Private Murder, Public Pressure
by Terrine Friday (Osgoode SJD program)
Is homicide a private matter?
The RCMP called the Sept. 10 killing of Shirley Parkinson a “private matter,” and refused to release information about the manner of her death, although they have evidence that her husband killed her before taking his own life.
According to reports, Parkinson, 56, was killed by her husband Donald, 60, before he took his own life on the couple’s farm near Unity, Saskatchewan last month. The victim was a “well-known public health nurse” who worked with women and children in her community.
The RCMP did not, initially, release the fact that Shirley Parkinson was murdered – apparently to respect the family’s wishes. Saskatchewan journalists are now calling on the RCMP to release pertinent information about their investigation.
At first glance this raises the issue of how to balance the public interest and the family’s wish for privacy. There may be some other reason why the RCMP would prefer to keep the case files closed to the public or why the wishes of the next of kin should be respected in this case. But the RCMP’s use of the Privacy Act to keep all specifics from the public, and their suggestion that the family context of this killing rendered it “private” are highly problematic. My own research considers the complicated questions raised in access to information disputes, and focuses on the use of exceptions provided in the legislation to keep data out of the hands of journalists, researchers and the public.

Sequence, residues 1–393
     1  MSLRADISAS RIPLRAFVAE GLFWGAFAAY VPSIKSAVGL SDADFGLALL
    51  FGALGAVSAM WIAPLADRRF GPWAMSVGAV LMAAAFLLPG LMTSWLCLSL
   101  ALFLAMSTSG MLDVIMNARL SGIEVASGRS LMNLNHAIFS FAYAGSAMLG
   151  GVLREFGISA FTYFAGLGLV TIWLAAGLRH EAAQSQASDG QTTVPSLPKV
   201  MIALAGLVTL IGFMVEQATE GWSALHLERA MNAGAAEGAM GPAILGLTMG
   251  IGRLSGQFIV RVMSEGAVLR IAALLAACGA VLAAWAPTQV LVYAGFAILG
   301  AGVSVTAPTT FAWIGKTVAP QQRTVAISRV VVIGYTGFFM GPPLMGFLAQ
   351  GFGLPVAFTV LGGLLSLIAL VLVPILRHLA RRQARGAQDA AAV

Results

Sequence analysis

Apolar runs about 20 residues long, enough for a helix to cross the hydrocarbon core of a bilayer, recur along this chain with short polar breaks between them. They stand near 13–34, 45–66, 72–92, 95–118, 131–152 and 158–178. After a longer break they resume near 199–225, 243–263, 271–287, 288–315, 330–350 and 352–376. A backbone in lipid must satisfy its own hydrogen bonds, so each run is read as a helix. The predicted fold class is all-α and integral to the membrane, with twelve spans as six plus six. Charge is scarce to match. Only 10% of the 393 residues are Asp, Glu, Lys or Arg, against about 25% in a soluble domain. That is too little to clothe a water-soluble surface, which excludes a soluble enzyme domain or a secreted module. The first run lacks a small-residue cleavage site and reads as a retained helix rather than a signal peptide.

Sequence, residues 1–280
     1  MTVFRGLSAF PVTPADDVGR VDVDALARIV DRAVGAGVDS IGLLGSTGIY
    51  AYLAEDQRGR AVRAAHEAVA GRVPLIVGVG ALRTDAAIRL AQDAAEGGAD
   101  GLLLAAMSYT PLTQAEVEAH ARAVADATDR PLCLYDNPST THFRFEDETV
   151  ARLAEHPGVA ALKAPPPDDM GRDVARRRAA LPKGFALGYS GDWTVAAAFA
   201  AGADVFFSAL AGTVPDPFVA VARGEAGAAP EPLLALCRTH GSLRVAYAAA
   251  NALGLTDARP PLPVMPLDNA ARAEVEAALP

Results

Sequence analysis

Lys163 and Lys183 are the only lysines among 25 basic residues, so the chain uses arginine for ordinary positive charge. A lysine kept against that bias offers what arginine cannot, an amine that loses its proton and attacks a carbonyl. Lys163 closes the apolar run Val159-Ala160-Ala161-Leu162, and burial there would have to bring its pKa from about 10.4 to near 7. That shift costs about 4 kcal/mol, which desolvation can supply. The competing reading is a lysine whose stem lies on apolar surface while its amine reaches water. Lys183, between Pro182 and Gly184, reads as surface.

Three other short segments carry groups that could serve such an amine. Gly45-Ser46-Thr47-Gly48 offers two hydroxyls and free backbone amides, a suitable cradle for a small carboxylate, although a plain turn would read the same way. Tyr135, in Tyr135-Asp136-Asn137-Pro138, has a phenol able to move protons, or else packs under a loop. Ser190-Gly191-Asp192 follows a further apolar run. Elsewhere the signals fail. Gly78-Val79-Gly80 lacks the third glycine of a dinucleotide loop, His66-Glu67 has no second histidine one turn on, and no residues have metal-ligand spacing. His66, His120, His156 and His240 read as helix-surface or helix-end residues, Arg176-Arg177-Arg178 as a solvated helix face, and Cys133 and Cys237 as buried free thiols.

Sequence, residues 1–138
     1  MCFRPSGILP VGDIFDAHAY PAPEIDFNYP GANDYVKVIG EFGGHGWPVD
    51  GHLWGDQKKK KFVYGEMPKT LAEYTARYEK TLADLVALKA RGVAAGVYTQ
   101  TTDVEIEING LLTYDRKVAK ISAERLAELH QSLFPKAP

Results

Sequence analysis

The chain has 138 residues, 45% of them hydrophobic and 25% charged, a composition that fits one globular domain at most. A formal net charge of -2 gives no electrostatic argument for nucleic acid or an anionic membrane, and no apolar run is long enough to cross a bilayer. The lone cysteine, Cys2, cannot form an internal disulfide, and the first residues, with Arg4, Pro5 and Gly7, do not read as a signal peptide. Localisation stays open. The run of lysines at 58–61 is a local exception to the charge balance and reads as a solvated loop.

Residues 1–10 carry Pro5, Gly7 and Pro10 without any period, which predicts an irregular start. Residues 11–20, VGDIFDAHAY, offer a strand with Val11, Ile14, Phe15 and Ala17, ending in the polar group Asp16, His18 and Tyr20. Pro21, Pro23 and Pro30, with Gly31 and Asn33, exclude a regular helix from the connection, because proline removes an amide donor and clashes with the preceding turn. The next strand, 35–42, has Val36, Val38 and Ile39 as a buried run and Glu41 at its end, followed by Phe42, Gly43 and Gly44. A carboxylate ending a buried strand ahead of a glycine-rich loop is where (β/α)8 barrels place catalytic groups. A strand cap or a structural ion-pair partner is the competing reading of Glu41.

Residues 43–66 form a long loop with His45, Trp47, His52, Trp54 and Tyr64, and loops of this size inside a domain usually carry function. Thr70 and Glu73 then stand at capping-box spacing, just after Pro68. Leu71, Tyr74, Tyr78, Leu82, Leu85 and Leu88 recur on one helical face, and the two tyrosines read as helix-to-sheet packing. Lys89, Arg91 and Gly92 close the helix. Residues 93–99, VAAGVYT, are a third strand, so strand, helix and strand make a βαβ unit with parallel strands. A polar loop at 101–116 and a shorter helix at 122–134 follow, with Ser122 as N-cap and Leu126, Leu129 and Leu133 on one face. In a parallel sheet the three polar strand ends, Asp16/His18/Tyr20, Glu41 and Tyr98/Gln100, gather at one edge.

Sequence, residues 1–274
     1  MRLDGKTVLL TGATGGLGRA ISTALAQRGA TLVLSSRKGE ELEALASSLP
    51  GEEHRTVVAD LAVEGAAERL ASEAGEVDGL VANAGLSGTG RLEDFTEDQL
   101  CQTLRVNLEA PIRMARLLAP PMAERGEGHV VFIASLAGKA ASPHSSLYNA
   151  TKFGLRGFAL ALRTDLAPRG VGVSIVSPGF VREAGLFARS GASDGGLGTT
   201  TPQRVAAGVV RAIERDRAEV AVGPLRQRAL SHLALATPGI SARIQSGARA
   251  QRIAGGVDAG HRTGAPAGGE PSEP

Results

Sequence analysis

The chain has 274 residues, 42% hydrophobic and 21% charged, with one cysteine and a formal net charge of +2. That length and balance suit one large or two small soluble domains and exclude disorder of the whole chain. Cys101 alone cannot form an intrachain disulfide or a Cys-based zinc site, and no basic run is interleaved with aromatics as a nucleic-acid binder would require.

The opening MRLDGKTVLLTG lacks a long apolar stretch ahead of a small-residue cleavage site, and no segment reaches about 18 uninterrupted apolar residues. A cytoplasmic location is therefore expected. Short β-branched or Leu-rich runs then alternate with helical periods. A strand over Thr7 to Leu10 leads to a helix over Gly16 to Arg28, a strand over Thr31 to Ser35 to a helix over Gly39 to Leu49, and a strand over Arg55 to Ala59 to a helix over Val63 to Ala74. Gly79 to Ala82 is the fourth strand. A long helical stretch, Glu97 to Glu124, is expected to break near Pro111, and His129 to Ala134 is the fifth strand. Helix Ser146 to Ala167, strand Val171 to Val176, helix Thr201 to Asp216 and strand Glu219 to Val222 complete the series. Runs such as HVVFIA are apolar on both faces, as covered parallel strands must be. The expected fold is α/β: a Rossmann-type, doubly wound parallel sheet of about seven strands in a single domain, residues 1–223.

Information about the homicide/suicide in Unity could serve to break the relative silence about domestic abuse, especially amongst older adults. A 2007 clinical study by Sonia Salari, an expert on population aging and social interaction, reveals “[l]ater life intimate partner homicide suicide (IPHS) represents the most severe form of domestic partner abuse and usually results in at least two deaths.” The study shows 96 percent of perpetrators are men and suicide was the primary intent in 74 percent of cases analyzed. A troubling finding is that any history of domestic violence was known to others in only 14 percent of cases. This research, as much as other arguments about transparency, accountability and the salience of the public private divide should lead us to question whether privacy is really the right approach to domestic abuse amongst the aging – or any other sector of society.
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